Light bladder weakness affects one in four women in the US. Though female bladder weakness is common, it is not an inevitable part of aging. Your bladder health changes throughout your life, but you are not necessarily doomed to leak with every laugh, cough or exertion. Here is information on the changes you can expect.
Your body is ever-changing
Your body invariably changes every decade but it is particularly affected with every pregnancy and delivery as well as in response to the dramatic hormonal fluctuations due to your periods, pregnancies and menopause. These phases of life, though normal, strongly impact the health of your bladder. And though less common in the younger population, light bladder weakness can affect people of all ages.
Usually by the age of three, children can control their bladder. However, sometimes physiological (urinary tract infections (UTI)) or psychological (trauma that results in bedwetting or uncontrollable voiding at other times of the day) factors can manifest into bladder control issues that require a visit (or more) to the doctor. There are a number of more serious conditions that should be ruled out. If your child is experiencing bladder control problems, take him or her to see a pediatrician.
Adolescents and young adults
Light bladder weakness is more common in females than in males, even in the teenage years. Girls between 11 and 17 years old can experience overactive bladder or light bladder weakness, which may be a result of the transition into adult urinary control or due to UTI, weight, or a more serious medical condition. A medical professional can assess the cause of leakage as well as suggest treatments appropriate for the cause.
Many women first experience light bladder weakness when they become pregnant. In fact, more than 50 percent of first-time moms-to-be and at least 85 percent of second-timers develop bladder weakness. Bladder control issues are common, particularly in the third trimester, when the growing uterus puts increasing pressure on the bladder.
The high levels of progesterone during pregnancy also contribute to light bladder weakness because progesterone promotes muscle relaxation (which includes the muscles that help you “hold” your urine). Light bladder weakness usually goes away soon after delivery, but some women have on-going problems. If you are still leaking weeks after your delivery, talk to your doctor about lifestyle modifications (which could be as simple as kegels) and treatments that can minimize and even eliminate bladder weakness.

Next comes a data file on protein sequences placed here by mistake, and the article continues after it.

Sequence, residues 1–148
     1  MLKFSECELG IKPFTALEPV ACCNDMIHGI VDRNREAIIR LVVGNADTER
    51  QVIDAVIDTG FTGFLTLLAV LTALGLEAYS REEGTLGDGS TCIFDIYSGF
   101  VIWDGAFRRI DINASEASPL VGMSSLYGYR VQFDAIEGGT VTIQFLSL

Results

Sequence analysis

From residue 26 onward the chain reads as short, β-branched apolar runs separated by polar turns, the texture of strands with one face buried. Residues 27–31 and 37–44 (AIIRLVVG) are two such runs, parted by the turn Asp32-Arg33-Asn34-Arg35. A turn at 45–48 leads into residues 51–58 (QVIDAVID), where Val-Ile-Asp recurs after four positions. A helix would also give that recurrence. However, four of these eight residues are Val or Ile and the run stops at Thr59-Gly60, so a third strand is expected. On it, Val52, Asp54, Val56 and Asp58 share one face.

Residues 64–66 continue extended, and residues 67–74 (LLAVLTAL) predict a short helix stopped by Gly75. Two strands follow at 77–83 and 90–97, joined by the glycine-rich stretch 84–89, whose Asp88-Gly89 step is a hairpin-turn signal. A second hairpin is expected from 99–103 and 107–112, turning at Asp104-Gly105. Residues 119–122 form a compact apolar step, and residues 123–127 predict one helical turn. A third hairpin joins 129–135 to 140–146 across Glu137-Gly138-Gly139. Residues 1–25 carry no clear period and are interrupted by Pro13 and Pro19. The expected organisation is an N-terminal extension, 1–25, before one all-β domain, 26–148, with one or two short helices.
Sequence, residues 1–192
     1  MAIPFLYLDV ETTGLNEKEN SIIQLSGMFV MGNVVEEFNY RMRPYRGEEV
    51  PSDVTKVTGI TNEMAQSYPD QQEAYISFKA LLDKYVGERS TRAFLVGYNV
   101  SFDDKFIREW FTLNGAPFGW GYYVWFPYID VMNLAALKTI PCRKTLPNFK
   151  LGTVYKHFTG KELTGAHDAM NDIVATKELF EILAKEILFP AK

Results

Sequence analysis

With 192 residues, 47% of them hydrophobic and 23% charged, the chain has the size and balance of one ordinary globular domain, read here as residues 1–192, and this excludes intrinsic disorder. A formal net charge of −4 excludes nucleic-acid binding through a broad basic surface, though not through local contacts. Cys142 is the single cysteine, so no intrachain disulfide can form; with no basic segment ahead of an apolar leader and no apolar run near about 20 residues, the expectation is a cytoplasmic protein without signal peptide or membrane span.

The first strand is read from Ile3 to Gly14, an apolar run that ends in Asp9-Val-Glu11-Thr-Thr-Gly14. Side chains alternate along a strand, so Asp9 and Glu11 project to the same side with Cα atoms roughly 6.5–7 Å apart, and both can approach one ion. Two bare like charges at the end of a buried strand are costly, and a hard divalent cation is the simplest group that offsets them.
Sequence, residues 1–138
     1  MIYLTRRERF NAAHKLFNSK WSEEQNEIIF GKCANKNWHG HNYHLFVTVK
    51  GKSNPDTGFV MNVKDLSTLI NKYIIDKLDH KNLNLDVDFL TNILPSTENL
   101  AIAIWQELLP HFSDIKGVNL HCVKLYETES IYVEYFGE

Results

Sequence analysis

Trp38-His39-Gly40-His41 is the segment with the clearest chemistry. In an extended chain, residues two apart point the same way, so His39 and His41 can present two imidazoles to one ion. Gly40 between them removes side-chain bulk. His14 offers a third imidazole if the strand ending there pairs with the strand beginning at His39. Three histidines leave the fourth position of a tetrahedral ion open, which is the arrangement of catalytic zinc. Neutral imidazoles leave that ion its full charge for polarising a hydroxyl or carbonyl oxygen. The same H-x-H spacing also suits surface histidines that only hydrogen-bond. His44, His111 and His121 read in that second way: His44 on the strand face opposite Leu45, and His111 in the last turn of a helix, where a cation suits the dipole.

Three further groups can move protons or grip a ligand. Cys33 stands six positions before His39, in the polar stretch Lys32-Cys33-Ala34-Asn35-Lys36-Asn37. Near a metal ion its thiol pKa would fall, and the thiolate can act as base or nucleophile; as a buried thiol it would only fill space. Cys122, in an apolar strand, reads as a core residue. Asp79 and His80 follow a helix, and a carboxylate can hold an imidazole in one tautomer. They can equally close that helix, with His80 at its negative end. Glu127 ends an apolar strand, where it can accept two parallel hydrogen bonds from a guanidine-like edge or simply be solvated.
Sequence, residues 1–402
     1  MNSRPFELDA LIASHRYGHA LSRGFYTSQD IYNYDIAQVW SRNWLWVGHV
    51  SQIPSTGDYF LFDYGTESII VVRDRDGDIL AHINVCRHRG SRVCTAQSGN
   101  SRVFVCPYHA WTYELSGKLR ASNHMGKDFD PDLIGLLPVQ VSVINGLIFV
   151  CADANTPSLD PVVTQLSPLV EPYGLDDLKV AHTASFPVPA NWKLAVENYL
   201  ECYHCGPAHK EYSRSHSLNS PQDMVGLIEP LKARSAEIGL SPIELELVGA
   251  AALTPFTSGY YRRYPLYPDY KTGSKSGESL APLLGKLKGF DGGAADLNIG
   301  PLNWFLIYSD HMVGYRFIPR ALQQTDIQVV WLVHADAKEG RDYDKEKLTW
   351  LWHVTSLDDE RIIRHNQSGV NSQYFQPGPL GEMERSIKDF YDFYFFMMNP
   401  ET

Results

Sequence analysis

The cessation of “that time of month” can be a blessing for some women. For others, however, menopause results in light bladder weakness. It is believed that the drop in estrogen, which keeps the bladder and urethra linings healthy, can decrease bladder control. This doesn’t mean that you have to live with bladder weakness; it just means you need to consult your doctor about treatments and other ways to improve your bladder control. Keep in mind, however, no studies have shown that taking estrogen after menopause improves light bladder weakness. Also, talk to your doctor about any medications you are taking – for some medications, bladder weakness is a common side-effect.
Light bladder weakness can be brought on by a variety of factors, regardless of age. Urinary leaks are not considered a disease (but they can be a symptom of an underlying medical cause), and are often the result of UTI or bladder infections, constipation, medications, child birth, pelvic or back surgeries, or injury from accidents. Lifestyle factors such as being overweight, smoking and drinking alcohol can also contribute to bladder problems. Treatments for bladder weakness, which are individualized according to age and condition, include behavioral therapy, medications, surgery and lifestyle changes.
Regardless of your age, it is not something to simply accept and live with. Talk to your doctor today and start taking care of your bladder health.